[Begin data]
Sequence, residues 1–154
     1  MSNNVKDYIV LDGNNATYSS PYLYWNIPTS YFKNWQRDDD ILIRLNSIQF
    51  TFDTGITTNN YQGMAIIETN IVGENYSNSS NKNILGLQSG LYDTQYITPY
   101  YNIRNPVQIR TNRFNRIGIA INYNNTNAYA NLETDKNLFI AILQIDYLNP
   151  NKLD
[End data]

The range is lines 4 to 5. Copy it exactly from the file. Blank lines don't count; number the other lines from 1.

   101  YNIRNPVQIR TNRFNRIGIA INYNNTNAYA NLETDKNLFI AILQIDYLNP
   151  NKLD